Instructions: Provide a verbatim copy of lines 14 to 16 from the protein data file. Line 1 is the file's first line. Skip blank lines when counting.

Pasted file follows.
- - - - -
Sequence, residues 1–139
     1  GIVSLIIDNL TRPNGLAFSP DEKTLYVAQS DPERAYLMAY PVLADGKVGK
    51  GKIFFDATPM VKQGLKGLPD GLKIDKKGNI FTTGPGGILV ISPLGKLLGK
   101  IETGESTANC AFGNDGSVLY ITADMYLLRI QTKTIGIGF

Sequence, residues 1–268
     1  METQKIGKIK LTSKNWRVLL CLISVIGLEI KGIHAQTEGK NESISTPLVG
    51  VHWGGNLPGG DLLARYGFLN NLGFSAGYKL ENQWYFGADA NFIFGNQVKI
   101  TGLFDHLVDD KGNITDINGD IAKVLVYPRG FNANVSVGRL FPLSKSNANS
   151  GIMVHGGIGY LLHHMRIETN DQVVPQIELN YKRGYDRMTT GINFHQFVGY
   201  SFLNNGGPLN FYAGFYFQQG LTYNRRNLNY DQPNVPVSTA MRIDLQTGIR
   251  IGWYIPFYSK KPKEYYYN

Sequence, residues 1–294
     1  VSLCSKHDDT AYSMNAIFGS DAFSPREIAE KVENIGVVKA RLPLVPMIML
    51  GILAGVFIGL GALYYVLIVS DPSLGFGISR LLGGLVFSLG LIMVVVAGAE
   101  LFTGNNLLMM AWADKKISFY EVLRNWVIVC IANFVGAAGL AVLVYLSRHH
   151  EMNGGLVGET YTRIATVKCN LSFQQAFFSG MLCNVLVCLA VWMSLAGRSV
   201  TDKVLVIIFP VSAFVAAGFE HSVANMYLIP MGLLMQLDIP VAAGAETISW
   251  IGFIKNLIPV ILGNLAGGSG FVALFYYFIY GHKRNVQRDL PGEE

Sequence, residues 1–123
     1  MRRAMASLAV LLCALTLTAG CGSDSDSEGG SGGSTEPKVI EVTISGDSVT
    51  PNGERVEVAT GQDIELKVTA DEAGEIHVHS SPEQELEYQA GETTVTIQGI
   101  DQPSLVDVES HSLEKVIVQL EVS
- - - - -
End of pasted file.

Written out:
    51  GILAGVFIGL GALYYVLIVS DPSLGFGISR LLGGLVFSLG LIMVVVAGAE
   101  LFTGNNLLMM AWADKKISFY EVLRNWVIVC IANFVGAAGL AVLVYLSRHH
   151  EMNGGLVGET YTRIATVKCN LSFQQAFFSG MLCNVLVCLA VWMSLAGRSV